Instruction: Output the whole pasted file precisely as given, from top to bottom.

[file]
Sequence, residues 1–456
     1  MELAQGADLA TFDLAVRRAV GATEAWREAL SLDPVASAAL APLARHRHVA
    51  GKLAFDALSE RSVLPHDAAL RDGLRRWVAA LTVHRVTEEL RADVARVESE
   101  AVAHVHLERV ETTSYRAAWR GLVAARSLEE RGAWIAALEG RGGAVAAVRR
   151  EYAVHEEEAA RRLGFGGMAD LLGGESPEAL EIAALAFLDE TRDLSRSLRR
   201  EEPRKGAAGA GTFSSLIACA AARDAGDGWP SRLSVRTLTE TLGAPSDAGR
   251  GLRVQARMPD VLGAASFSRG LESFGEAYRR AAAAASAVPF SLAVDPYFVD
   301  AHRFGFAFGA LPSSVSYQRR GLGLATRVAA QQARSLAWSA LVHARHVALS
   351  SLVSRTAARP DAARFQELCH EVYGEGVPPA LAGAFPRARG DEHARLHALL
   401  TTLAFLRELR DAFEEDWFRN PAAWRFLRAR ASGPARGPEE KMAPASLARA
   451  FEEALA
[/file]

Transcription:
Sequence, residues 1–456
     1  MELAQGADLA TFDLAVRRAV GATEAWREAL SLDPVASAAL APLARHRHVA
    51  GKLAFDALSE RSVLPHDAAL RDGLRRWVAA LTVHRVTEEL RADVARVESE
   101  AVAHVHLERV ETTSYRAAWR GLVAARSLEE RGAWIAALEG RGGAVAAVRR
   151  EYAVHEEEAA RRLGFGGMAD LLGGESPEAL EIAALAFLDE TRDLSRSLRR
   201  EEPRKGAAGA GTFSSLIACA AARDAGDGWP SRLSVRTLTE TLGAPSDAGR
   251  GLRVQARMPD VLGAASFSRG LESFGEAYRR AAAAASAVPF SLAVDPYFVD
   301  AHRFGFAFGA LPSSVSYQRR GLGLATRVAA QQARSLAWSA LVHARHVALS
   351  SLVSRTAARP DAARFQELCH EVYGEGVPPA LAGAFPRARG DEHARLHALL
   401  TTLAFLRELR DAFEEDWFRN PAAWRFLRAR ASGPARGPEE KMAPASLARA
   451  FEEALA